May 21, 2019
Is the Pittsburgh Steelers' Artie Burns on the "hot seat?" Are his playing days in Black and Gold over? One reporter believes the answer could be yes.
NFL offseason agendas: Barnwell's to-do lists for all 16 AFC teams
Bill Barnwell, ESPN.com
No NFL team manages to fill all of its holes during the offseason. Each has a weak point or two that gets revealed by injuries or disappointing play over the course of a season. Even the most successful offseasons of 2018 prove that point. The Bears surrounded Mitchell Trubisky with talent, acquired a dominant pass-rusher in Khalil Mack and won the NFC North, only to see the kicker who signed a four-year extension sputter out and collapse at the worst possible moment. The Colts needed to turn to midseason acquisition Dontrelle Inman when their wideouts were struggling to stay healthy.
Every NFL team still has some work to do. In some cases, that's filling a roster spot or supplementing a positional group. In others, it's locking up a player who is about to hit free agency. Some teams have much more to do over the next few months than others.
After identifying on Monday the key things all 16 NFC teams have to accomplish before the calendar turns to September, let's finish up today with the AFC, where we still have one team in need of a general manager as we approach June:
Explore the trade market for Artie Burns. It's too early to give up on Burns, who looked to be a promising cornerback as recently as this time last year, but the former first-round pick was torched during the first half of 2018 before being benched for virtually the entire second half of the campaign. The Steelers declined his fifth-year option and signed Steven Nelson to take Burns' place in the lineup; at this point, it's probably more important for the organization to see what Cameron Sutton and Justin Layne have to offer.
Burns should have some trade value, given that he's still just 24 and would cost the acquiring team only $1.8 million. Teams like the Chiefs, Eagles and Patriots are fond of taking shots on rookie deal corners, although you would understand if the Steelers didn't exactly want to pick up the phone and dial any of those rivals. It might instead make sense to target NFC teams like the Lions and Cardinals as possible trade partners.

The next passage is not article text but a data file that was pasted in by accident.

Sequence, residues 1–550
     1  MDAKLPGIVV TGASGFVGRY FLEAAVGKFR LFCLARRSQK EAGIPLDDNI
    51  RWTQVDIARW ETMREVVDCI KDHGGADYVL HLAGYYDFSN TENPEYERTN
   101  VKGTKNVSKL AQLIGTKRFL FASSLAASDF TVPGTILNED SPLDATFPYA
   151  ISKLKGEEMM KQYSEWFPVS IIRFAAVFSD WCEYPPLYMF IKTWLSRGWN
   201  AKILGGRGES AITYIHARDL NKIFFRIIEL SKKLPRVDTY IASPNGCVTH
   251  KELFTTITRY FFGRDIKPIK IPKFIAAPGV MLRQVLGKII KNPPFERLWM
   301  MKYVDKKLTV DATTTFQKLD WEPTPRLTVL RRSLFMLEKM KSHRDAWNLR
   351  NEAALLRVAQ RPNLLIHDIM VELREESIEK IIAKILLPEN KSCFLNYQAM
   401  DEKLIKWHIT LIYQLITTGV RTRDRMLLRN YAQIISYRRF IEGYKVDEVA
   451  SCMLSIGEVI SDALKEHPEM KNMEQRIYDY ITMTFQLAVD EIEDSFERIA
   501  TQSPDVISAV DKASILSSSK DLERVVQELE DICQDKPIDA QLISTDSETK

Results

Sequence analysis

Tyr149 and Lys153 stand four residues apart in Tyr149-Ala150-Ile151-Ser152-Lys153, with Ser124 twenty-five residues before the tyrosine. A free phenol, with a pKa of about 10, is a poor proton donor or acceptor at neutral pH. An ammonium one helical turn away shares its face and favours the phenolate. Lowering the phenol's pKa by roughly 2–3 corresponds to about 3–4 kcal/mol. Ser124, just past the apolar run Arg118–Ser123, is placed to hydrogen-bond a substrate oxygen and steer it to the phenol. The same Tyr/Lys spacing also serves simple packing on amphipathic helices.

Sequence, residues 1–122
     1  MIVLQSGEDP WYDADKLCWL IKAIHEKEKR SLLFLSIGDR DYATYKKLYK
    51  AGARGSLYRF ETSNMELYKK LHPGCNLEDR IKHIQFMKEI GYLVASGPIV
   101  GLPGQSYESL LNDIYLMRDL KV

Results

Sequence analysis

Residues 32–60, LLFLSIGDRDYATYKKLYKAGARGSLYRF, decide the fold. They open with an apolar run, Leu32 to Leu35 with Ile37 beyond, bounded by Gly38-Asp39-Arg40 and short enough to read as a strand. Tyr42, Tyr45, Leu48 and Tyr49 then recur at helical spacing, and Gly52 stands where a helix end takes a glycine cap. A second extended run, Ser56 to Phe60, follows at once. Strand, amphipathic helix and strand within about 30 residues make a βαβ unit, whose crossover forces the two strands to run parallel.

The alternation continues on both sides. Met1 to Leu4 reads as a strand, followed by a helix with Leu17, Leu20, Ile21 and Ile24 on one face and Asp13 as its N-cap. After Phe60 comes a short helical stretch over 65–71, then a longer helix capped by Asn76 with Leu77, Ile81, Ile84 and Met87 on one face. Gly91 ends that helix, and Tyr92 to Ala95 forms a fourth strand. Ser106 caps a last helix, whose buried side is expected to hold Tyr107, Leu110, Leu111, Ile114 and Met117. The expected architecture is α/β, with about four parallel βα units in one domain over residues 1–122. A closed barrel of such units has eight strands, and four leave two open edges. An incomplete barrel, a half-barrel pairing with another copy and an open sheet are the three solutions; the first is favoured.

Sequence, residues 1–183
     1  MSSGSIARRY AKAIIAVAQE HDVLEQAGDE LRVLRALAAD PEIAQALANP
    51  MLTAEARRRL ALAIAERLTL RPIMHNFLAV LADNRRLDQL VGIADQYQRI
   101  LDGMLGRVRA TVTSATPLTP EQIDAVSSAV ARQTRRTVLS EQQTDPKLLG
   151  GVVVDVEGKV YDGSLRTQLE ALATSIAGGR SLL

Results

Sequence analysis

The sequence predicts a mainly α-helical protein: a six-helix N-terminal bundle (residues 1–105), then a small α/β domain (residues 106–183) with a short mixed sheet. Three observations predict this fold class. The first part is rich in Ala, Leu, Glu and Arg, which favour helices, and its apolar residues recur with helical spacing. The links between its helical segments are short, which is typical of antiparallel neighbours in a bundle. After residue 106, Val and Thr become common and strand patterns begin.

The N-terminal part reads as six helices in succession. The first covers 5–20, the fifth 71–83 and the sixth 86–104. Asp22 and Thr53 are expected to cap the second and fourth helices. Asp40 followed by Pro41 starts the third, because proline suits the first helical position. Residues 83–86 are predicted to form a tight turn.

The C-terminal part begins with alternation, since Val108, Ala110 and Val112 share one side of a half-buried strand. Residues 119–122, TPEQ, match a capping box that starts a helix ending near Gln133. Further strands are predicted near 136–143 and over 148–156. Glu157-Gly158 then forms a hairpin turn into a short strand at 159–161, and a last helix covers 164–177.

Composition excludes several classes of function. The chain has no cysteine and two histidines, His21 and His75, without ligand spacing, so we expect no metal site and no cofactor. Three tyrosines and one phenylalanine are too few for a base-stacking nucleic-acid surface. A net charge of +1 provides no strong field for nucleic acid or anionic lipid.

Then we have an opinion on who the best rookie for the Steelers will be in 2019:
Predicting every NFL team's breakout rookie
Michael McClymont, Jack Browne, theScore.com
With rookie minicamps in the rearview mirror and mandatory minicamps set to start in June, theScore is highlighting one first-year player from each NFL team with the best opportunity to succeed from Day 1.
Pittsburgh: LB Devin Bush
The Steelers' offense didn't miss a beat without Le'Veon Bell in 2018 but the same can't be said for the team's defense without the injured Ryan Shazier. His athleticism and coverage skills were perfect for today's pass-happy NFL, and without him, Pittsburgh was routinely torched in the middle of the field. Bush is a similarly modern prototype due to his ability to excel in coverage and rush the passer while not being a liability in run defense. He won't immediately replace Shazier, but his ability to wreak havoc on every level should spark a return to form for the entire Steelers defense.
Finally for today, the MMA fighter that just won't go away...Conor McGregor. The former champion is still making excuses for his loss to Khabib Nurmagomedov:
"The injury itself led me to have to halve my work. I couldn't road run anymore. My weight was too high. So, when you're cutting weight, if I can't get my weight because of injuries or whatnot I have a more intense weight cut. So, I was severely dehydrated. I didn't sleep for 48 hours before the weight cut. But these are all just nonsensical excuses. I attack. I am an attacker. And my attack defends. But this camp, for some reason, the entire focus was defense. It still irritates me to this day."